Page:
Non-natural carbohydrate-bearing polymers are emerging as important materials for the investigation of multivalent carbohydrate-protein interactions. In the present study, neoglycopolymers were generated via aqueous ring-opening metathesis polymerizations. A procedure employing a ruthenium catalyst, preformed by treating a small quantity of the monomer with RuCl3, reduced metal contamination in the products. To examine the effect of sugar residue density on polymer function, materials bearing one or two sugar ligands per repeat unit were synthesized. These polymers were tested for their ability to inhibit the erythrocyte agglutinating activity of the carbohydrate-binding protein, concanavalin A. The polymers with lower sugar density were found to be more potent inhibitors than polymers with higher density, a result that can be rationalized by analysis of the protein and polymer structures.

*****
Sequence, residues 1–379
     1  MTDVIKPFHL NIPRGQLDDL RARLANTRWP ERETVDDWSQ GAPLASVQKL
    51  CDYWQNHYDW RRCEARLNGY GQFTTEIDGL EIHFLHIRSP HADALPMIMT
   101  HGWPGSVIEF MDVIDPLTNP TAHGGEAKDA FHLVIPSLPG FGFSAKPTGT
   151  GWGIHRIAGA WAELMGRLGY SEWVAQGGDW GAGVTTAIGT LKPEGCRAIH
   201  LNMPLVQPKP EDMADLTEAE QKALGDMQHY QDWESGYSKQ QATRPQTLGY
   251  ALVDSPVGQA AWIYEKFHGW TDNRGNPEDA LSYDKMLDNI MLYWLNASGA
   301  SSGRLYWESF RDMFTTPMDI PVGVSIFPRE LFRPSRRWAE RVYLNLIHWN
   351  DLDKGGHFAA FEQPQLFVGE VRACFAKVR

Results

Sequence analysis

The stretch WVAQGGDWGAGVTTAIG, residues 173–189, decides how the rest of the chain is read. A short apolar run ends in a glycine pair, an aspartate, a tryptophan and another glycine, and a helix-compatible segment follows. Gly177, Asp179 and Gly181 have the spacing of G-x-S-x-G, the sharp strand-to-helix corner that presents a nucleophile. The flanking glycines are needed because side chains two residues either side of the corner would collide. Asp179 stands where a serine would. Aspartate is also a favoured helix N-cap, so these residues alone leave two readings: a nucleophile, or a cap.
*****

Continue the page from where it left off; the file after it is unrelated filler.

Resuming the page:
Bibliographical noteFunding Information:
This research was supported in part by the National Institutes of Health (GM-49975). L.L.K. thanks the NSF National Young Investigator Program, the Beckman Young Investigator Program, the American Cancer Society (Junior Faculty Award) and the Milwaukee Foundation (Shaw Scientist Program) for support. M.C.S. is a student in the UW-Madison M.D./Ph.D. Integrated Degree Program. K.H.M. acknowledges the Upjohn Company (ACS Division of Organic Chemistry fellow-
ship) and the N.1.H (Chemistry-Biology Interface, T32 GM085051 for predoctoral fellowships. ADH thanks the N.I.H. for a predoctoral fellowship (Molecular Biosciences, T32 GMO7215). We thank Dr. C. Fry (UW-Madison, Chemistry Instrument Center) for helpful discussions and J. Van Stelle (UW-Madison, Animal Care Facility) for assistance obtaining rabbit erythrocytes.
- Aqueous ring-opening metathesis polymerization
- Concanavalin A